Recent progress in neural network modeling has made it possible to generate models of recurrent microcircuits that have biophysical and anatomical properties very similar to those of real cortical circuits (see Brunel and Wang, 2003; Borisyuk and Kazanovich, 2006; Mazzoni et al., 2008, 2010, 2015; Kirst et al., 2016; Palmigiano et al., 2017). Moreover, when used to simulate dynamical systems, these models generate statistics very close to that of recorded cortical activity and of neural communication (see Belitski et al., 2008). Besserve et al. (2015) including realistic rapid fluctuations, such as gamma oscillations, that are not well-captured by simplified solutions of neural dynamics, such as the mean field. In principle, these realistic models could be used for studying effective connectivity from observations. However, unfortunately, estimating effective connectivity from observed data, i.e., inverting these complex models, is a complex task with no clear solutions available.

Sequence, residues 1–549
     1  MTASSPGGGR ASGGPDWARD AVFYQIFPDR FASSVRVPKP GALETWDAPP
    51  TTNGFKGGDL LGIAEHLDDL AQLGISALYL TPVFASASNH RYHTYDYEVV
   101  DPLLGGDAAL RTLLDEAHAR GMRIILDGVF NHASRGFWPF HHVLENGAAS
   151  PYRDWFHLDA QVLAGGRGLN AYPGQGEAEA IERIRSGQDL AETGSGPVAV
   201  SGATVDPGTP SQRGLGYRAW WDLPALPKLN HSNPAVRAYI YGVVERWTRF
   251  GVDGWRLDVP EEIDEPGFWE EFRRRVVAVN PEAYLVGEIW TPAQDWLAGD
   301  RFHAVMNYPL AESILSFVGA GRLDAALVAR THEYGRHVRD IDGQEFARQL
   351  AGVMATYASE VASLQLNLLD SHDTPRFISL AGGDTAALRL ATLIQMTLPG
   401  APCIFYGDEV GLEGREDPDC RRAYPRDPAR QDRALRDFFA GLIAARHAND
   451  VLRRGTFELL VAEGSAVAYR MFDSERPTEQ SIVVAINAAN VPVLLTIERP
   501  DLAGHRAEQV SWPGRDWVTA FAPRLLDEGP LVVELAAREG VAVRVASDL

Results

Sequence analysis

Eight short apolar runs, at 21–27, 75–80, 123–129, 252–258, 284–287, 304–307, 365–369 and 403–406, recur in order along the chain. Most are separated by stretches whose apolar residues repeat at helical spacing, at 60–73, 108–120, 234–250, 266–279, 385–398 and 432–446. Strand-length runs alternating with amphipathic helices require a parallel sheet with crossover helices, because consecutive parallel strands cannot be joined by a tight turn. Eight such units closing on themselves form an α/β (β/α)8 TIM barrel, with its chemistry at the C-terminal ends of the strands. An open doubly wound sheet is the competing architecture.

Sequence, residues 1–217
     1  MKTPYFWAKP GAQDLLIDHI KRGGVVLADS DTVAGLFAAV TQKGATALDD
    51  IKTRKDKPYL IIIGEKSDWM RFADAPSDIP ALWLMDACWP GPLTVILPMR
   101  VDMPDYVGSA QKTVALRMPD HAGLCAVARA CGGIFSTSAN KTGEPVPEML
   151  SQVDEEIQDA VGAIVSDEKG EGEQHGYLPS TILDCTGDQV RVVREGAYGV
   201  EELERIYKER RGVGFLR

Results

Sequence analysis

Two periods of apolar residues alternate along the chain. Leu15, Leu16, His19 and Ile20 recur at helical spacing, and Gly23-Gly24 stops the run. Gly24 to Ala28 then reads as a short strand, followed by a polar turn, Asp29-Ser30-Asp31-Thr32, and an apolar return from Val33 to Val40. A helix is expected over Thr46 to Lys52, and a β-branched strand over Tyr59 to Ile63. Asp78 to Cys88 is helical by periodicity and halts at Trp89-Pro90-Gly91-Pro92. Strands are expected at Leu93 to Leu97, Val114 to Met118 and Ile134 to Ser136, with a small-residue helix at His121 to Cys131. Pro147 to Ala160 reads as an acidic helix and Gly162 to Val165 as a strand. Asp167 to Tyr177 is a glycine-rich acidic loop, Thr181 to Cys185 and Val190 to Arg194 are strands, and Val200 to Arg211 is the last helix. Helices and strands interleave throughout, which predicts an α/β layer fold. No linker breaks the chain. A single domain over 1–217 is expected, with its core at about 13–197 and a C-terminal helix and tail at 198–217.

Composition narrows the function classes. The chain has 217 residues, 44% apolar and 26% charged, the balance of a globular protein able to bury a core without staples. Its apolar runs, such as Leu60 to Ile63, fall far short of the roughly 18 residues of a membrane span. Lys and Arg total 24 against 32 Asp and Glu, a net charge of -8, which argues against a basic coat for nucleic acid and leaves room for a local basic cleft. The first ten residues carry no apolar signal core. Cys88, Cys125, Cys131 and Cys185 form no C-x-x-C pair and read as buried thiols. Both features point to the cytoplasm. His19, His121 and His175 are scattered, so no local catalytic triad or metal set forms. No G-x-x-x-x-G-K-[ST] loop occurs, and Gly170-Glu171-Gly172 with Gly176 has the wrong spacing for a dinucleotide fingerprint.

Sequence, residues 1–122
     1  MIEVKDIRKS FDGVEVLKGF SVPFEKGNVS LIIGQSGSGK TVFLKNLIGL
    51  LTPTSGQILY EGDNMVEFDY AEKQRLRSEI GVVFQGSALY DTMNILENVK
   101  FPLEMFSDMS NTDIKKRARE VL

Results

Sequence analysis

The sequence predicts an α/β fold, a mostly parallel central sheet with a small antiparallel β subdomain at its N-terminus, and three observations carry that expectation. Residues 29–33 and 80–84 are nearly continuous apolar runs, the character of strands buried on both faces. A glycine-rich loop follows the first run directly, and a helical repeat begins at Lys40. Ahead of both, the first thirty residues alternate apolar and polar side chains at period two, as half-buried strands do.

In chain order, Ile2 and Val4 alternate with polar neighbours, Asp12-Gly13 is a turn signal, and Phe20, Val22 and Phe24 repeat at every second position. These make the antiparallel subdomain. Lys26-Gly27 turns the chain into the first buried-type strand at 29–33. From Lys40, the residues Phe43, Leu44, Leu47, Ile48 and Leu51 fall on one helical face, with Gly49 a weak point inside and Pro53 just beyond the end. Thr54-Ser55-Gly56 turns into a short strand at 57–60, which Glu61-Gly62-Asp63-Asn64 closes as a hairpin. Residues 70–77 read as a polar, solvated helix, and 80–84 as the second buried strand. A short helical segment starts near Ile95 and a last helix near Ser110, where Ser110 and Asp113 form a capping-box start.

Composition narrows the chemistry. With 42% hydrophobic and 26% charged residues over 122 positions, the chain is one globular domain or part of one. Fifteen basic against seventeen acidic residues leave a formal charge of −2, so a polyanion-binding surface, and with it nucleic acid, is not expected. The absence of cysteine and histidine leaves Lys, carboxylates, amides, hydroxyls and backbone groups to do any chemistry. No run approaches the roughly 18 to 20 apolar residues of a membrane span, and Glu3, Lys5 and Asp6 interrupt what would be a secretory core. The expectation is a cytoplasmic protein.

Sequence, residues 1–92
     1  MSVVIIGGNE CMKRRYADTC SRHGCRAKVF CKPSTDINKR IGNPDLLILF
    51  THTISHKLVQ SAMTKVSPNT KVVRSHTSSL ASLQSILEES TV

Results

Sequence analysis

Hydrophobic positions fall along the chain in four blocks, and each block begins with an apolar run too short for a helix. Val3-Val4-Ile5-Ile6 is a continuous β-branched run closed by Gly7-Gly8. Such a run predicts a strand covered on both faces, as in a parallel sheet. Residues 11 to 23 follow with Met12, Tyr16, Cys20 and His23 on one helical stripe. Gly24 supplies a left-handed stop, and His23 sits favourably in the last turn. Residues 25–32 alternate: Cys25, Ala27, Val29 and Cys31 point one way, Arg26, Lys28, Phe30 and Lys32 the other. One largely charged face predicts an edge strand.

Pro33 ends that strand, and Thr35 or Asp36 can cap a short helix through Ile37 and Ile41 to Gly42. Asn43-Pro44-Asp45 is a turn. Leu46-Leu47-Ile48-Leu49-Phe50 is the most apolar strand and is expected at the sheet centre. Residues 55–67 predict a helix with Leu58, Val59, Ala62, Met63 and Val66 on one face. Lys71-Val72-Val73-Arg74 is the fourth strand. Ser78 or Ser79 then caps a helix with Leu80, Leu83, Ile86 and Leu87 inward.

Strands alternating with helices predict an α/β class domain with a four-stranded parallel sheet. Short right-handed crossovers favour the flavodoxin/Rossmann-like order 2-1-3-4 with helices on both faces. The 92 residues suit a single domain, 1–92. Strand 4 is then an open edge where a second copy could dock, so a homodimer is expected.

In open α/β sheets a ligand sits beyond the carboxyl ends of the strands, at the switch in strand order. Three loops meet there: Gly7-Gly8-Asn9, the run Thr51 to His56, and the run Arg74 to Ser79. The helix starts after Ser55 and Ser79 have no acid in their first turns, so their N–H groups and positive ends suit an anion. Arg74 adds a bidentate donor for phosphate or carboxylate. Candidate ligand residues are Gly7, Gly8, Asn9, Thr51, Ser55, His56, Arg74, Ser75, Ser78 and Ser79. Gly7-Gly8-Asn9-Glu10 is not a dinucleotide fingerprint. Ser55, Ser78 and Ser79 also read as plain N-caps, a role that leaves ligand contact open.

In recent years, the machine learning community has proposed to recast the problem of causal inference as a statistical learning theory problem (see Schölkopf et al., 2013; Lopez-Paz et al., 2015a,b; Mooij et al., 2016). The underlying idea is to use machine learning algorithms on observed data, using a supervised learning paradigm. Different solutions have been devised, even though not targeting causality between multivariate timeseries and not addressing generative models of brain activity. Moreover, a limitation of these approaches is the lack of a large amount of data for training the algorithms, an issue typical of some domains of application, such as neuroscience.